Pupils Emotional Health & Wellbeing
Pupil Emotional Health and Wellbeing Programme
Emotional wellbeing is critical in developing a healthy successful school community , including developing a pupil's social, emotional and behavioural skills. The Emotional Health and Wellbeing of pupils has been identified as a priority for action at Ministerial level and addtional funding has been made available since the start of the 2008/09 financial year to focus on the issue.
In September 2007, the Department began work in partnership with all key statutory and voluntary and community sector stakeholders and interested parties to develop a 'Pupils Emotional Health and Wellbeing (PEHAW) Programme'. The programme focuses on positive prevention by building coping skills in children and young people and complements the personal development strand of the curriculum.
The Programme will contribute to the building of resilient emotional health and well being of pupils. It is intended to be a vehicle for providing the "glue" to integrate individual policies/services such as all non-academic and curriculum activities affecting pupils such as counselling, pastoral care systems, suicide prevention, anti-bullying, discipline process and the healthy schools initiative in a consistent and coherent way.
At the outset of the programme, a Project Board was established to oversee the work of five Working Groups; each populated by a wide range of stakeholders from the statutory, voluntary and community sectors, with the following remits:
1. Self Assessment for Schools – To develop a basis for a shared understanding of what ‘pupils’ emotional health and wellbeing’ means and to devise a tool(s) to help schools assess how they promote pupils’ emotional health and wellbeing and how this might be improved.
2. Training and Support for Teachers and Others – To identify the immediate training and assistance requirements of schools and to prepare a commissioning brief for any identified training or materials for teachers and other school staff.
3. Good Practice Identification and Dissemination – To identify evidence-based best practice, both in Northern Ireland and in other jurisdictions, and prepare a plan as to how this might be shared with schools.
4. Mapping Available Resources – To catalogue existing services and sources of support accessible by schools and pupils with the purpose of creating a web-based directory.
5. Critical Incidents Response – To commission an update of the current guidance for schools on suicide and self-harm and to develop proposals for a regional approach to the management of critical incidents.
Working Group One has developed the following definition of pupils’ emotional health and wellbeing in consultation with health and education professionals, teachers, parents and pupils. The definition was recommended to the Pupils’ Emotional Health and Wellbeing Project Board and accepted by them in January 2009:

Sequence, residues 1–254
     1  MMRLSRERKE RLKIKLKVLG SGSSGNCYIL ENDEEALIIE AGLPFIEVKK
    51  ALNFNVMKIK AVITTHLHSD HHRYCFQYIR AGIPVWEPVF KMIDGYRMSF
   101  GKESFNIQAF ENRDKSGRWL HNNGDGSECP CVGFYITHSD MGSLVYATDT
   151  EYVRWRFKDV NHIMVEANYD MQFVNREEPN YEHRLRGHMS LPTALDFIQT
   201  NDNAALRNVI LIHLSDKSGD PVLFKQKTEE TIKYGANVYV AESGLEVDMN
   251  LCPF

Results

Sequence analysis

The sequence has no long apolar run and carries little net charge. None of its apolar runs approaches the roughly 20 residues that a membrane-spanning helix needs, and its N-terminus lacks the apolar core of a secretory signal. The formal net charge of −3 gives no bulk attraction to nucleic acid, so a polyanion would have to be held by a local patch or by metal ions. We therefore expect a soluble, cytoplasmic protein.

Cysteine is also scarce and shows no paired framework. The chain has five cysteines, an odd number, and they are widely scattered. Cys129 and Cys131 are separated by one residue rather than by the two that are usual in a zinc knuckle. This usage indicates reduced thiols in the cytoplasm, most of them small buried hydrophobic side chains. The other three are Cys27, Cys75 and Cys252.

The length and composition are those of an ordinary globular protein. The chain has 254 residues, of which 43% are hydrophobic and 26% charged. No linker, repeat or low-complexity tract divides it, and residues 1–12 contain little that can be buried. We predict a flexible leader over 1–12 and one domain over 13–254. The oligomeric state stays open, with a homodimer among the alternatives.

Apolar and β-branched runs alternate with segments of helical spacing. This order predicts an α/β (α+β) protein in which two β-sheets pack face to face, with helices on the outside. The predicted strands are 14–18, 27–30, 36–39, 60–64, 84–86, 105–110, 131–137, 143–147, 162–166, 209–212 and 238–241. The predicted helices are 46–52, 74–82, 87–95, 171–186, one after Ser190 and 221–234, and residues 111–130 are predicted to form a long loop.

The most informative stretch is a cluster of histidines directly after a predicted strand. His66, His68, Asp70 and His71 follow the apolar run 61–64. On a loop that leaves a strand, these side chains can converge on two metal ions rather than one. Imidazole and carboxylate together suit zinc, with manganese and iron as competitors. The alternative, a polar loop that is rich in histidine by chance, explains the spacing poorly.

Being mentally and emotionally healthy means that we believe in ourselves and know our own worth. We set ourselves goals that we can achieve and can find support to do this.
We are aware of our emotions and what we are feeling and can understand why. We can cope with our changing emotions and we can speak about and manage our feelings.
We understand what others may be feeling and know how to deal with their feelings. We also understand when to let go and not overreact. We know how to make friendships and relationships and how to cope with changes in them.
We understand that everyone can be anxious, worried or sad sometimes. We know how to cope with, and bounce back from, changes or problems and can talk about them to someone we trust.
Working Groups one and three agreed to amalgamate to work together on joint research on existing audit tools and existing good practice. The Department commissioned research on behalf of the Working groups to conduct two, inter-related pieces of work:
- a review of existing good practice that promotes pupils’ emotional health and wellbeing within our schools, the key drivers to obtaining successful outcomes and integration of emotional health and wellbeing programmes throughout a school community; and
- a review of existing audit tools that schools can use to self-evaluate their whole-school practice with regard to promoting pupils’ emotional health and wellbeing and to recommend those or elements therein, that could be applied in the context of Northern Ireland.
Following a public tender exercise, Queen’s University Belfast was commissioned to undertake the research and their report was published in May 2011:
The report presents the findings of an independent review of current practice in relation to promoting pupils’ emotional health and wellbeing in post-primary schools in Northern Ireland and a review of existing audit tools that schools can use to self-evaluate their whole-school practice in relation to this area.
More detail on the development of resources undertaken through the Programme working groups can be found by following the links to the right.